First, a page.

The weather has been mild, and we have walked evry day over the rolling hills around — one day found a young physician and his wife who were interested in examining the numerous skulls and human bones that were found near the surface of the ground. After much speculation the fact was elucidated that, large tribes of Indians from the middle states had been pushed off by our government to this frontier region to make room for white settlers, and had here perished in large numbers by starvation consequent upon removal from familiar hunting grounds: they had been buried in large trenches with heads to the east. Skulls were thick: of peculiar shape differing from the Anglo Saxon type.
Clarke, Harriet Talcott Buckingham, 1832-1890, Diary of Harriet Talcott Buckingham Clarke, May, 1851, in Covered Wagon Women: Diaries & Letters from the Western Trails, vol. 3: 1851. Holmes, Kenneth L., ed. & comp. Lincoln, NE: University of Nebraska Press, 1995.
On August 20, 1853, Celinda Hines wrote, “Saw a commet very plain in the SW.” And again, on the 23rd, “The commet shown very brilliantly in the evening.”
Three days later, Celinda Hines’ father died crossing the Snake River. He was thrown from his horse and drowned. His body was never recovered. In her journal, Celinda wrote, “I will not attempt to describe our distress & sorrow for our great Bereavement.” And indeed, she did not. She tells the story of his death almost matter-of-factly, but her grief is even more palpable for her terseness. The next day she wrote, “Our camp was in a very pretty place but all was sadness to me.”
[Excerpts taken from Shipley, Celinda Elvira Hines, 1826-1905, Diary of Celinda Elvira Hines Shipley, August, 1853, in Covered Wagon Women: Diaries & Letters from the Western Trails, vol. 6: 1853-1854. Holmes, Kenneth L., ed. & comp. Lincoln, NE: University of Nebraska Press, 1995, pages 113, 114, 116.]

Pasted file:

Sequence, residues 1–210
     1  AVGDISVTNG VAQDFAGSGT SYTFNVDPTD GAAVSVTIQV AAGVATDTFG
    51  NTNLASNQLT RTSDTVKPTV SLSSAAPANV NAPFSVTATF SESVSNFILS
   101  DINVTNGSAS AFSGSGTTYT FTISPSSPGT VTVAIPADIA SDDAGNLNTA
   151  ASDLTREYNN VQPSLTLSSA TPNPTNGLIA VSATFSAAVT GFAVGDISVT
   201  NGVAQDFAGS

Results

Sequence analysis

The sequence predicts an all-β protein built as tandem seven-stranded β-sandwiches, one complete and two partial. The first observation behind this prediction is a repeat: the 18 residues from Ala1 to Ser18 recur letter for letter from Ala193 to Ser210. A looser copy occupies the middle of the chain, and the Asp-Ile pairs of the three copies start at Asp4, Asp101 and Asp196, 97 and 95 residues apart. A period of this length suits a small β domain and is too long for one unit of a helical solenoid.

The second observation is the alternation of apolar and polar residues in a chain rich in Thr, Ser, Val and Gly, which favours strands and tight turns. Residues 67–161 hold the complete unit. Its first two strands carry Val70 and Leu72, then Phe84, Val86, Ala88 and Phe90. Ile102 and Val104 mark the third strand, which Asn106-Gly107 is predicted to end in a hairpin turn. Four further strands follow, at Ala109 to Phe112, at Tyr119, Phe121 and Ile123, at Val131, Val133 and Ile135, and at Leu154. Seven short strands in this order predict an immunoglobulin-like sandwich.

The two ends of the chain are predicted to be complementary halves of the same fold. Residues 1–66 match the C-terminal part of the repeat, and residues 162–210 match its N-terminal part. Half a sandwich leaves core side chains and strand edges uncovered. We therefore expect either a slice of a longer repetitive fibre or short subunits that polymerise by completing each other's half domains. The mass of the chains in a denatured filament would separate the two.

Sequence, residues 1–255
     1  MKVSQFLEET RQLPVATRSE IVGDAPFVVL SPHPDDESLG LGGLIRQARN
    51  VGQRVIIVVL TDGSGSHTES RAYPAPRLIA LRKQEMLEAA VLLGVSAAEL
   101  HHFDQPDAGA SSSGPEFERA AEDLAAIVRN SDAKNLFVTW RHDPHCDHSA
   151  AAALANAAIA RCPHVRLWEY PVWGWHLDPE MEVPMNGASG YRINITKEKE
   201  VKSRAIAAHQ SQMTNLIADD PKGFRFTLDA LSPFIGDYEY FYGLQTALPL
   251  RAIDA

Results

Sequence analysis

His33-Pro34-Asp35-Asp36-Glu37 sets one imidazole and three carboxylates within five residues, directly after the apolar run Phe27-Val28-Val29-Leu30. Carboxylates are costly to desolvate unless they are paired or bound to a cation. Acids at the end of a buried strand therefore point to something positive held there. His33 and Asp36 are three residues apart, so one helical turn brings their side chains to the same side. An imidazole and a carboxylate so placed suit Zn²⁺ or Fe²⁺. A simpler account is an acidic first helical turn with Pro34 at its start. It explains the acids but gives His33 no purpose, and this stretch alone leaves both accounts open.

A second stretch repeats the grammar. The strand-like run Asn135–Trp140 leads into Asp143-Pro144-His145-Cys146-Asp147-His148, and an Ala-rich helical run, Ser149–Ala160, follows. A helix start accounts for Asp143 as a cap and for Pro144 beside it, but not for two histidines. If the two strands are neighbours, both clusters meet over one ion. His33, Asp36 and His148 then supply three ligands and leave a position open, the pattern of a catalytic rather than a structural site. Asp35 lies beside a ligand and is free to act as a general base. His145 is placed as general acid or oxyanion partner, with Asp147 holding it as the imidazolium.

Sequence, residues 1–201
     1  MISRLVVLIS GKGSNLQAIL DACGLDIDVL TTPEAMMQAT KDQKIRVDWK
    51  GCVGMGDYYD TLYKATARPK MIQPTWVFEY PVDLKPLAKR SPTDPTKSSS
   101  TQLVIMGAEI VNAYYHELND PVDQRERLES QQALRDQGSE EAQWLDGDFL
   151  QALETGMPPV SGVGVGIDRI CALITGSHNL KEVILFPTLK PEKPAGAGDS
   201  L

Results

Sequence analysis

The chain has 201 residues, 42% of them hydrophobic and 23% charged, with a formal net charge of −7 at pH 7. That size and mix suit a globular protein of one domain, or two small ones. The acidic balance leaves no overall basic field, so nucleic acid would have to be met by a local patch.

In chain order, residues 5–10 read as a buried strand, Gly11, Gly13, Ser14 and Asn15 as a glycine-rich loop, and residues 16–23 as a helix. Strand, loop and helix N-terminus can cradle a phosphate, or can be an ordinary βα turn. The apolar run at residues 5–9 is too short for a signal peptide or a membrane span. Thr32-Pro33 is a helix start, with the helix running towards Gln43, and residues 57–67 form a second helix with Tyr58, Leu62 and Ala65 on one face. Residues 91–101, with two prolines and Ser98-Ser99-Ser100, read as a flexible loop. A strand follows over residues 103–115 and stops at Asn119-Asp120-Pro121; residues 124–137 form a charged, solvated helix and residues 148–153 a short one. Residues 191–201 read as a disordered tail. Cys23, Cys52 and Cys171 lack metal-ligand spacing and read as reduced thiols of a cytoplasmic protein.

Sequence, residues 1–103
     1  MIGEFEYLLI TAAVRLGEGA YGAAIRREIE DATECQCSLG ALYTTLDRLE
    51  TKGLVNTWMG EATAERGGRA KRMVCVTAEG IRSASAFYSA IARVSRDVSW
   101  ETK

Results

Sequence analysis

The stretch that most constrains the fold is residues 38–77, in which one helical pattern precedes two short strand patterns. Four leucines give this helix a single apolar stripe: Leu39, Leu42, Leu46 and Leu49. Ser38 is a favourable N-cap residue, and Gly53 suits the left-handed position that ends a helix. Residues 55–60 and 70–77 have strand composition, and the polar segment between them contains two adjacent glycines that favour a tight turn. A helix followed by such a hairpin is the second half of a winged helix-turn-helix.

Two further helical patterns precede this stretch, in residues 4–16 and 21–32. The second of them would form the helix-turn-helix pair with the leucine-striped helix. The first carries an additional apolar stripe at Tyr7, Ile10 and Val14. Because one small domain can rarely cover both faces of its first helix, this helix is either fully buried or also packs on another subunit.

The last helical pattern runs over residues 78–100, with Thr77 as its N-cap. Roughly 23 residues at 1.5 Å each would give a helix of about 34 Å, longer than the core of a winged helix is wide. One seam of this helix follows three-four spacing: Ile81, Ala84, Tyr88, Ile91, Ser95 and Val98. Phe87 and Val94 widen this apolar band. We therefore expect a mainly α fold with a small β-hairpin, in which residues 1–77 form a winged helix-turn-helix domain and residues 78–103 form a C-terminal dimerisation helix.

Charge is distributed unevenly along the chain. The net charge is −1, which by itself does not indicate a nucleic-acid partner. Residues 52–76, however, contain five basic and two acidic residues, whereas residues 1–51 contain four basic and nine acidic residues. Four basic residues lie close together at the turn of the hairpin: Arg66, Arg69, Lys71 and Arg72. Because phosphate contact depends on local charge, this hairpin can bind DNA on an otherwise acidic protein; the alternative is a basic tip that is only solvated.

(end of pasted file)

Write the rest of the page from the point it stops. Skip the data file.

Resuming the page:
Medicine on the overland trails left something to be desired. Some of the remedies were common sensical. Others, while they may not have done much to help the patient, at least they wouldn’t have harmed or killed her.
Lucy Rutledge Cooke suffered greatly from ulcerations and swelling of her tongue and throat. This went on for weeks, while she tried various ineffective remedies. One of them involved drinking “sugar of lead,” or lead acetate. We know now that lead should not be ingested, but in the past it was used for everything from sweetener to face cream to–as seen below–sore throat remedy.
[May 29, 1852]
I was not able to eat any having got a very very bad mouth & throat my tongue is so swollen & in such ulcers that I m unable to speak much & can swallow nothing but liquids I never had my tongue in such a state
[June 6, 1852]
My throat continues very bad I used Suger of lead once, but it had such a curious taste & turned my teeth so black that I could not endure to use it again I now keep sucking alum which seems to cleanse my mouth but really I dont know if it does further good
[June 13, 1852]
I drink chocolate all the time since I’ve been sick. I’m thankful to say my mouth seems much better to day. I have been using a gargle made of sage tea, alum, borax & sugar & it seems to benefit
Cooke, Lucy Rutledge, 1827-1915, Letter from Lucy Rutledge Cooke to Marianne Rutledge Willis, May-June 10, 1852, in Covered Wagon Women: Diaries & Letters from the Western Trails, vol. 4: 1952: The California Trail. Holmes, Kenneth L., ed. & comp. Lincoln, NE: University of Nebraska Press, 1995.
We know now that cholera is spread by coming into contact with contaminated water. Bathing in water that could well be teeming with cholera bacteria seems now to be unwise at best. I’m not even sure how this cure was supposed, at the time, to have worked.
June 29 
We had the hardest thunder storm last night I have witnessed in some years. Started on this morning & soon came to a very bad road, low marshy land. A little before we stopt at noon there was a woman by the name of Beal died. She was buried on the banks of the Clearwater, a fine stream about 10 miles from where we came on the bottoms. They immersed 3 in this stream for the cholera. Travelled 14 miles & slept on a high spot on the marsh for the night. Met the Salt Lake mail, they said they met 8000 teams when they got to Fort Laramee. Since that they have not kept count. Wether very warm.
Parsons, Lucena Pfuffer, 1821-1905, Diary of Lucena Parsons, June, 1850, in Covered Wagon Women: Diaries & Letters from the Western Trails, vol. 2: 1850. Holmes, Kenneth L., ed. & comp. Lincoln, NE: University of Nebraska Press, 1995, pp. 294.